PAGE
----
There is something special in everyday, but that doesn’t always mean that everyday is extraordinary. Sometimes, when we get caught up in social media and the fun that other people are having, we forget that everyone leads normal lives beneath the Instagram photos.

I know that I’m very guilty of only posting about the highlights of my week and talk mostly about the best bits. So I thought that I’d give you a boring-bits-and-all account of a very average day.

It’s my #nofilter day.

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So you want to move to London.

Maybe you’re already job hunting in the capital, or maybe you’ve been thinking about it for a while but aren’t sure where to start. Either way, I hope I can help you by sharing everything I learned when moving here.

There’s no denying that moving to a new city is daunting, and there’s something about the craziness of the big smoke that makes a move even more complicated. But it can be done – and it can be done quickly. I accepted a job offer and moved into a house share in West London only ten days later.

This is how you can do it, too.

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It has been over a year since I finished my University degree. Writing that feels bizarre, as it seems like the last 12 months have stretched into feeling like a lifetime, and yet it still doesn’t feel that long ago. If you’re graduating in 2016, I know exactly how you’re feeling. Excited about new opportunities, incredibly sad about leaving uni life behind, and also terrified that you’ll never make anything of your life. It’s a tough time, but I’m here to promise you that it will all fall into place somehow.

If you’d told me that I would have moved to London within three months of finishing my degree, got a job that I absolutely love, and be living on my own, I don’t think I would have believed you. And yet all that did happen, and I’ve become completely self-sufficient.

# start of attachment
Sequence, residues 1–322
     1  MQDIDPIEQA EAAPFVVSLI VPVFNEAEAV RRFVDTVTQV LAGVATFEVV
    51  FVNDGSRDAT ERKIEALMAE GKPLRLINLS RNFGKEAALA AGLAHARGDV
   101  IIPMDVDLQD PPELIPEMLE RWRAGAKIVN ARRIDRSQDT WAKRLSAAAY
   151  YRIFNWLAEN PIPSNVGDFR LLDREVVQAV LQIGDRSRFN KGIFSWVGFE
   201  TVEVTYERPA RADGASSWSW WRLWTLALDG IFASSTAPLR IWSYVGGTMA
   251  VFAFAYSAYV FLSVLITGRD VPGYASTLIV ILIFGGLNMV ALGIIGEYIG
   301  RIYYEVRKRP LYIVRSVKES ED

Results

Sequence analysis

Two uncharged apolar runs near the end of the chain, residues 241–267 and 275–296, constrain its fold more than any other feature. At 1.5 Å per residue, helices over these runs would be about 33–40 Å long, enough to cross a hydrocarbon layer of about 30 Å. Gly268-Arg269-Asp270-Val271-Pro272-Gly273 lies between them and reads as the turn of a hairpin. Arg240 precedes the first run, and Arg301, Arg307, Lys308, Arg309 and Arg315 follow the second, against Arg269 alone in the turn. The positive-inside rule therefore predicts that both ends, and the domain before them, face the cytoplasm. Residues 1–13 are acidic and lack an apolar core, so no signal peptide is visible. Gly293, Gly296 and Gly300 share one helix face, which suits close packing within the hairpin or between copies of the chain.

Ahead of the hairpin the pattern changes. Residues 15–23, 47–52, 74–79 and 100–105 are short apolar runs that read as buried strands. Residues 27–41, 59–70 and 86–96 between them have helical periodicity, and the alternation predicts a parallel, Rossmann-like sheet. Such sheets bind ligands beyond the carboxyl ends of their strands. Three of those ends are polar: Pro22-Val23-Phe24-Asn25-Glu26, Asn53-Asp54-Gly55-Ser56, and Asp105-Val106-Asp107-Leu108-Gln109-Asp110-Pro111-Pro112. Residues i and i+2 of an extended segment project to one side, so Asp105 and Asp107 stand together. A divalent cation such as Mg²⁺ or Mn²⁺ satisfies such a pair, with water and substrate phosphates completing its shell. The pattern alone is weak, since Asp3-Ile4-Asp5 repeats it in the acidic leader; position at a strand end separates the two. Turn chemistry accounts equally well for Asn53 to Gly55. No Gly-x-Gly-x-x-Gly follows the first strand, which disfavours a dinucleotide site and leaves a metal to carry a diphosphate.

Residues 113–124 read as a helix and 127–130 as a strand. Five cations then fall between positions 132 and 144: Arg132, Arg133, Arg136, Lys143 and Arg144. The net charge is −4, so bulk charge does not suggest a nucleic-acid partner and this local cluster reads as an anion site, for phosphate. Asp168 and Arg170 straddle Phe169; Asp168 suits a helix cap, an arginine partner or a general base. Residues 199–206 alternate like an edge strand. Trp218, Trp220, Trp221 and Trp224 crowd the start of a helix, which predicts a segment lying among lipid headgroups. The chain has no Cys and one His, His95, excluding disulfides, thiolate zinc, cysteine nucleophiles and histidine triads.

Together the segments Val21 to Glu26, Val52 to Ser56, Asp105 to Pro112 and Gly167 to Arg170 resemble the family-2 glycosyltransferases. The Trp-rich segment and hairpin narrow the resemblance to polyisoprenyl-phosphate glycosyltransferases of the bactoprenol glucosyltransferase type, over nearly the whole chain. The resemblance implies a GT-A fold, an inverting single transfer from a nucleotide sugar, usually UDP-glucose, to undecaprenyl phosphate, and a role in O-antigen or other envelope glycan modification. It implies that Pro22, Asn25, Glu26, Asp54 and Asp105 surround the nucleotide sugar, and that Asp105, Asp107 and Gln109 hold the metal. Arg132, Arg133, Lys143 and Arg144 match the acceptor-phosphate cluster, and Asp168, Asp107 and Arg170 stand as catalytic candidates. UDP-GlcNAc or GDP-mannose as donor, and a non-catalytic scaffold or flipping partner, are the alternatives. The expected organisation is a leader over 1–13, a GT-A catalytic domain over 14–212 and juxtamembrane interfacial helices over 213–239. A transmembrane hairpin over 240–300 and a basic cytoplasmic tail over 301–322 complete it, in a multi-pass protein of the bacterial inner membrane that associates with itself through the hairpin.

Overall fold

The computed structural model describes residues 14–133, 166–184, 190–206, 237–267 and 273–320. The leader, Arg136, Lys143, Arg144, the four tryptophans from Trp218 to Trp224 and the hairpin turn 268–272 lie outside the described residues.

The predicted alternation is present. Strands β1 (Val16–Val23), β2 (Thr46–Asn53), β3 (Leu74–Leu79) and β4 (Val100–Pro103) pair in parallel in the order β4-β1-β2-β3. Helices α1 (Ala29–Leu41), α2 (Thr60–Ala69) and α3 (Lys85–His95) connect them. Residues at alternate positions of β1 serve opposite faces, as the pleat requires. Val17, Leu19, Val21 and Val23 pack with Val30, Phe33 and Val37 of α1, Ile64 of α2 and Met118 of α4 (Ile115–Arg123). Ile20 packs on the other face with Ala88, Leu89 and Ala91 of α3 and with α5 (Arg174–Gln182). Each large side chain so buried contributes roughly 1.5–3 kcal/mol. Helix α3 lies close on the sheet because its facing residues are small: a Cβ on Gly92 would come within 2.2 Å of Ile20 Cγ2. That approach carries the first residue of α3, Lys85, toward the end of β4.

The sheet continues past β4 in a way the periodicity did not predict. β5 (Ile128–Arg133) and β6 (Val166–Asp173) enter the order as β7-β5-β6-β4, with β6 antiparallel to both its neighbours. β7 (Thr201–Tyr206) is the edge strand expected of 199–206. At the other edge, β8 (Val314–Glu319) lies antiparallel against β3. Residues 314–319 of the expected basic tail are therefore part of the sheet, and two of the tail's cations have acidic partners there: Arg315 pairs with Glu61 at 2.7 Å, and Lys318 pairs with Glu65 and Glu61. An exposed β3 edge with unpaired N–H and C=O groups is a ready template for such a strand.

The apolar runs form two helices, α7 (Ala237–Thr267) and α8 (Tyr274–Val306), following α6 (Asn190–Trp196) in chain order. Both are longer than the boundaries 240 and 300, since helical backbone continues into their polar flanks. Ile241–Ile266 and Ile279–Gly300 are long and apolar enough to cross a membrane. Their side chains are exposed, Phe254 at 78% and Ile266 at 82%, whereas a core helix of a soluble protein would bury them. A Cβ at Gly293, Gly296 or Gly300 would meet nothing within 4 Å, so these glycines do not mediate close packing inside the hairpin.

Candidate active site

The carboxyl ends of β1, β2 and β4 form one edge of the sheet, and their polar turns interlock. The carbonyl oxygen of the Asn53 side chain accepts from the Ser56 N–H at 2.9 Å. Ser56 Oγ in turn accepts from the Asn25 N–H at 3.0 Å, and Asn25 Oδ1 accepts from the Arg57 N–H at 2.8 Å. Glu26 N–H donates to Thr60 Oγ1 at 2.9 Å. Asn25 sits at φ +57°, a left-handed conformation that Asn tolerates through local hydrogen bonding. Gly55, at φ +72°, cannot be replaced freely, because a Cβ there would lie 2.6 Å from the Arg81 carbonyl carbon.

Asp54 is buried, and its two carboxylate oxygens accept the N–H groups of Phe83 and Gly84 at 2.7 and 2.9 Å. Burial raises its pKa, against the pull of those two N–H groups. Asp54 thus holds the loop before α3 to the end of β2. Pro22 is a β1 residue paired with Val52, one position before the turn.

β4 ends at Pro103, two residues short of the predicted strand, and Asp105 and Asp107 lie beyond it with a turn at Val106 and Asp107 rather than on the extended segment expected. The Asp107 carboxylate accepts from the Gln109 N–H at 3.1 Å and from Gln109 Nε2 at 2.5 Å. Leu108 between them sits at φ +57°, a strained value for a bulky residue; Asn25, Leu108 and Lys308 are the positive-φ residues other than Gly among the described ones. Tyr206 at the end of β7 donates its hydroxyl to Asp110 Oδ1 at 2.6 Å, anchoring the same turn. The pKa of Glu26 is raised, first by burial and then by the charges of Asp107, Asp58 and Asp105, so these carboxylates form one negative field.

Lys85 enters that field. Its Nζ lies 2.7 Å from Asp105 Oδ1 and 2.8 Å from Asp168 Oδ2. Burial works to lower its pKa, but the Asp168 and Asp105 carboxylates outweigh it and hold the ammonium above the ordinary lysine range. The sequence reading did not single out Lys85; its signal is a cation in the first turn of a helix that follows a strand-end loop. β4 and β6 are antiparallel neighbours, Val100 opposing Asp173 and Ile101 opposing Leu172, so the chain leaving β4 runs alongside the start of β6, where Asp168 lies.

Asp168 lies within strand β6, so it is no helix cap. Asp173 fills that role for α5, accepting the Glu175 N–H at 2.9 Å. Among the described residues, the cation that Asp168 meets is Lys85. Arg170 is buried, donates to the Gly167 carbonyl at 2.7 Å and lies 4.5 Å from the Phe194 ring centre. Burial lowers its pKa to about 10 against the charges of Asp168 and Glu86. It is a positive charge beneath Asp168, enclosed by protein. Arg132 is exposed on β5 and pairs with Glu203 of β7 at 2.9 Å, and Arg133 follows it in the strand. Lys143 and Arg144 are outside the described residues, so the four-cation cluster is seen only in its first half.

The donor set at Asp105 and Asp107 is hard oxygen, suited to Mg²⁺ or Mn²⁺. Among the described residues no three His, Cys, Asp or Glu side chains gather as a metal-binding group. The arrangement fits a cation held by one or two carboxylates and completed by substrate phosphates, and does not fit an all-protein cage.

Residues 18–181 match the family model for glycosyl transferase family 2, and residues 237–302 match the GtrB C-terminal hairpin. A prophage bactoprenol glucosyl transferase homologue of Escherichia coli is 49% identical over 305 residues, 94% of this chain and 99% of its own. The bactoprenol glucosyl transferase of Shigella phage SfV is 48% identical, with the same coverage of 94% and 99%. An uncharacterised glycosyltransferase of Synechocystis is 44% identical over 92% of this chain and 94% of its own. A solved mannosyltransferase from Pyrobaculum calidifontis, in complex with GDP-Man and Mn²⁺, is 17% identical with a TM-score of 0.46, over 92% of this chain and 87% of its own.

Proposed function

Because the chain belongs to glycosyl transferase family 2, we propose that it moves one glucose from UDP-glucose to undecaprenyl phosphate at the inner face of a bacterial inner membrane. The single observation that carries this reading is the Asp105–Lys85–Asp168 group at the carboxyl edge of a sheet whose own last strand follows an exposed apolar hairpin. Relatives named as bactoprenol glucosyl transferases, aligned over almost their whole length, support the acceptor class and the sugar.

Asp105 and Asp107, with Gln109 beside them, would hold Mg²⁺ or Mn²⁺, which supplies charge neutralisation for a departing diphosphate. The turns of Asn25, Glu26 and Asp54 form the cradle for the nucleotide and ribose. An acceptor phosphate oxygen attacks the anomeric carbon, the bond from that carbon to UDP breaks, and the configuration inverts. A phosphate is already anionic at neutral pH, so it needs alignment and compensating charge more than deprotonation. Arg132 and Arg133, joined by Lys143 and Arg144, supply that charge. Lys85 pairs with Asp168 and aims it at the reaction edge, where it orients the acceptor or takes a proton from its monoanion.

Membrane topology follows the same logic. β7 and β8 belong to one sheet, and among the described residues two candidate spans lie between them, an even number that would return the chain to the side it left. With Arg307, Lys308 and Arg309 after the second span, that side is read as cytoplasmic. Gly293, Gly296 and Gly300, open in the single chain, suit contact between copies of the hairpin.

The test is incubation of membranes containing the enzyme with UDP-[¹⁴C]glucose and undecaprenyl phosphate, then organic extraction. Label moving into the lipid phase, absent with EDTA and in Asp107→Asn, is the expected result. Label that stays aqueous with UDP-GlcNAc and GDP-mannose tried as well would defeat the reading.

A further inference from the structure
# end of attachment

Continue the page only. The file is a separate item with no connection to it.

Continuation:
There’s no denying that the first year outside of education is terrifying – but you can get through it. Here’s how.

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At every single stage of life we have a different type of pressure on us. At uni, it was that we had to be with the best friends having the best times constantly. I thought that would lift when I graduated, and it has, but it’s been replaced with the massive pressure to make something of my life. Right now, that means a graduate should get the best possible job with lots of responsibility and hopes of promotion while being able to support yourself away from home for the first time in your life. Somehow, I’ve actually managed to achieve most of that and honestly, living completely without handouts from your family or the government in the form of student loans is incredibly empowering.

But what isn’t empowering is the thought that now that I’m working, like many of my just-graduated friends, we’ll be working until we’re easily getting towards our 70s. My friend Jess just got a letter to confirm that she had started a pension. She’ll be able to start receiving the money in 2060. That’s over fourty years of five weeks holiday per year and living for the weekends. A job might be the ultimate success on the surface, but we can’t seem to handle it straight after the freedom of University. A stable job at 21-years-old is not what my circle of friends seem to strive for. We want to get out when we’ve barely even gotten in.

That’s why so many of us want to travel long, far and soon. We are a generation who refuses to be tied down by work, homes or anything else. We want freedom. I’m not sure where I want to go, but I’ve had a look around and here are some places that will appeal to a lot of wanderlust-filled recent grads.

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